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United States Department of Agriculture

Agricultural Research Service

Science and Economics Both Work in Fruit Fly Program / February 11, 2008 / News from the USDA Agricultural Research Service

Read the magazine story to find out more.

Photo: Boxes of fruits and vegetables. Link to photo information
The Hawaii Area Wide Fruit Fly Integrated Pest Management program is revitalizing Hawaiian agriculture, helping farmers all over the islands grow more fruits and vegetables without relying on a heavy load of chemical pesticides. Click the image for more information about it.


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Science and Economics Both Work in Fruit Fly Program

By Kim Kaplan
February 11, 2008

A research program to control exotic fruit flies in Hawaii has had an economic return of better than 30 percent. The Hawaii Area Wide Fruit Fly Integrated Pest Management (HAW-FLYPM) program is a cooperative effort of the Agricultural Research Service (ARS), the University of Hawaii Cooperative Extension and the Hawaii Department of Agriculture.

The HAW-FLYPM program developed a way to control four foreign fruit fly species—Mediterranean fruit fly, melon fly, oriental fruit fly and Malaysian fruit fly—that have been devastating more than 400 fruits and vegetables in the Hawaiian Islands for 100 years. Without the HAW-FLYPM program, farmers must rely on nearly weekly spraying of pesticides. Susceptible crops include citrus, tomato, guava, mango, melon, papaya and persimmon.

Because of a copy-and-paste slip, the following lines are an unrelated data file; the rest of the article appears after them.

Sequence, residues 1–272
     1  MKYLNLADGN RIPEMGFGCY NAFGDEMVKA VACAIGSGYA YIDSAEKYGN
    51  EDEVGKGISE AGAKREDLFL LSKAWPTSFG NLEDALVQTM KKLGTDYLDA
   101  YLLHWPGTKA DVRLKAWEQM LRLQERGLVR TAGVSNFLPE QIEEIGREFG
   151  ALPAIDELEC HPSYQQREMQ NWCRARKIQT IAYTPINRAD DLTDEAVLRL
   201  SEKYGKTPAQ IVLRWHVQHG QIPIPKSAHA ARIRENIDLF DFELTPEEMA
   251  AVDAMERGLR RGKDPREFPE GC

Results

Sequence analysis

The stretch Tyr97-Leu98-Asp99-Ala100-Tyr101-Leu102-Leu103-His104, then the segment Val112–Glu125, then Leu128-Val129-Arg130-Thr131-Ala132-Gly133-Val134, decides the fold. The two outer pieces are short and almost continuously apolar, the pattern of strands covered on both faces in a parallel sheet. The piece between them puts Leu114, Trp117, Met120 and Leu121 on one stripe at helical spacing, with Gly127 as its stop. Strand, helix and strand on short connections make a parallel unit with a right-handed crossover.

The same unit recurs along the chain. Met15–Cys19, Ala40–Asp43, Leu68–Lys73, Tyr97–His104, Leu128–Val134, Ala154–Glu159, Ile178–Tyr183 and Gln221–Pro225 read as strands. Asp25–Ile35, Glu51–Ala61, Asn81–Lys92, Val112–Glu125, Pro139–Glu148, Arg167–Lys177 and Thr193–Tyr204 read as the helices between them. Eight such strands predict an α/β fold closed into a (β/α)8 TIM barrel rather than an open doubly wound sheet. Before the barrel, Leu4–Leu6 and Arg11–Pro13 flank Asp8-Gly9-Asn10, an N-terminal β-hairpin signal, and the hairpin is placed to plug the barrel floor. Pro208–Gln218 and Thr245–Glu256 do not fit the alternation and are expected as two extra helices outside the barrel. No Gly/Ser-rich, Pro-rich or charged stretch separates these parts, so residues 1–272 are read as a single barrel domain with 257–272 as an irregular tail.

Within three years of the program's start, the researchers knew it worked scientifically and that growers could physically apply it for themselves. But for growers to continue with the program, real economic benefit needed to be demonstrated.

So the program brought in economist Andrew M. McGregor to conduct a cost-benefit analysis, totaling benefits to farmers, households, and the public. These benefits add up to a hefty 32 percent return on an investment of $14 million over 15 years.

For example, Aloun Farm in Oahu is now producing an additional 130,000 pounds of zucchini a year with minimal pesticide use, thanks to the HAW-FLYPM program, a gain of about $75,000.

The program has also helped preserve a Hawaiian cultural tradition.

Ipu, Hawaiian for the hard-shell gourd, has always been an important part of the island culture, used as a drum in hula dance and as a traditional way to store food or water.

But the melon fly had made it almost impossible to grow the traditional ipu gourds in Hawaii, and thousands of gourds have had to be purchased from California instead.

This past season, for the first time, the vice president of the Hawaii Gourd Society harvested hundreds of beautiful ipu gourds by using the HAW-FLYPM program.

Read more about this research in the February 2008 issue of Agricultural Research magazine.

ARS is the U.S. Department of Agriculture’s chief in-house scientific research agency.

Last Modified: 2/11/2008
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